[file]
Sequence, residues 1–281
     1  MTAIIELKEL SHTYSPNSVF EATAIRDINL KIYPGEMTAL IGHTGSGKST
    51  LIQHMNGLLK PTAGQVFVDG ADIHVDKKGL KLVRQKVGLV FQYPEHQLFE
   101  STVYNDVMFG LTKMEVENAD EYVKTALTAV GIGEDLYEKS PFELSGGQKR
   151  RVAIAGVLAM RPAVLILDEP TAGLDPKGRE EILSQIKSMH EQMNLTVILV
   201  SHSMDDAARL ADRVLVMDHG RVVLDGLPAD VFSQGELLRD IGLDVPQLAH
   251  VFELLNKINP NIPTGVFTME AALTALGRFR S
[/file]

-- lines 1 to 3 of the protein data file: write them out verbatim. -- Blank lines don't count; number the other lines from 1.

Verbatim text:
Sequence, residues 1–281
     1  MTAIIELKEL SHTYSPNSVF EATAIRDINL KIYPGEMTAL IGHTGSGKST
    51  LIQHMNGLLK PTAGQVFVDG ADIHVDKKGL KLVRQKVGLV FQYPEHQLFE